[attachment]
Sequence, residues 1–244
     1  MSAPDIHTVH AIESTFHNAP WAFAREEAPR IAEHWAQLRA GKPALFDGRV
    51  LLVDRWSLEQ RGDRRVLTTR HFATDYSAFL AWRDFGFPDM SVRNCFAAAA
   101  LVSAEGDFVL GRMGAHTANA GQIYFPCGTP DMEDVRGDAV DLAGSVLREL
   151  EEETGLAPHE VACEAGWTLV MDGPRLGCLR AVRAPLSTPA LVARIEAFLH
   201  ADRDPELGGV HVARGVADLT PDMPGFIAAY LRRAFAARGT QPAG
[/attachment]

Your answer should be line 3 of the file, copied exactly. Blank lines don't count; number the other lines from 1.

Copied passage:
    51  LLVDRWSLEQ RGDRRVLTTR HFATDYSAFL AWRDFGFPDM SVRNCFAAAA